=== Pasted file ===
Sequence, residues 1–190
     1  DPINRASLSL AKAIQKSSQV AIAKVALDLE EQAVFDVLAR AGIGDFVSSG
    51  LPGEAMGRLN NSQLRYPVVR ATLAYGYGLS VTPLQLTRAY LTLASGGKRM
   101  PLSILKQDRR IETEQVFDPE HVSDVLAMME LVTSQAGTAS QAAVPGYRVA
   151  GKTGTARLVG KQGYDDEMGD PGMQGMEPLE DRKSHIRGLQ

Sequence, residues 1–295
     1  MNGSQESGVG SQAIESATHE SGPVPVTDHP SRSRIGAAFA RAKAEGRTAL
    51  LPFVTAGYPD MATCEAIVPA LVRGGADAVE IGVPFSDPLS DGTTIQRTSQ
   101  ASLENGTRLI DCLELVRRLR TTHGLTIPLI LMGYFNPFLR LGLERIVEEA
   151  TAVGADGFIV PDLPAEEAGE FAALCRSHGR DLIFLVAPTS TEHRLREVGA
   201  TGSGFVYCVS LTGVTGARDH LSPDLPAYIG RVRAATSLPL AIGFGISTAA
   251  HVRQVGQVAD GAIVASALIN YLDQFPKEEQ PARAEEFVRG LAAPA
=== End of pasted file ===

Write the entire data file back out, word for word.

Sequence, residues 1–190
     1  DPINRASLSL AKAIQKSSQV AIAKVALDLE EQAVFDVLAR AGIGDFVSSG
    51  LPGEAMGRLN NSQLRYPVVR ATLAYGYGLS VTPLQLTRAY LTLASGGKRM
   101  PLSILKQDRR IETEQVFDPE HVSDVLAMME LVTSQAGTAS QAAVPGYRVA
   151  GKTGTARLVG KQGYDDEMGD PGMQGMEPLE DRKSHIRGLQ

Sequence, residues 1–295
     1  MNGSQESGVG SQAIESATHE SGPVPVTDHP SRSRIGAAFA RAKAEGRTAL
    51  LPFVTAGYPD MATCEAIVPA LVRGGADAVE IGVPFSDPLS DGTTIQRTSQ
   101  ASLENGTRLI DCLELVRRLR TTHGLTIPLI LMGYFNPFLR LGLERIVEEA
   151  TAVGADGFIV PDLPAEEAGE FAALCRSHGR DLIFLVAPTS TEHRLREVGA
   201  TGSGFVYCVS LTGVTGARDH LSPDLPAYIG RVRAATSLPL AIGFGISTAA
   251  HVRQVGQVAD GAIVASALIN YLDQFPKEEQ PARAEEFVRG LAAPA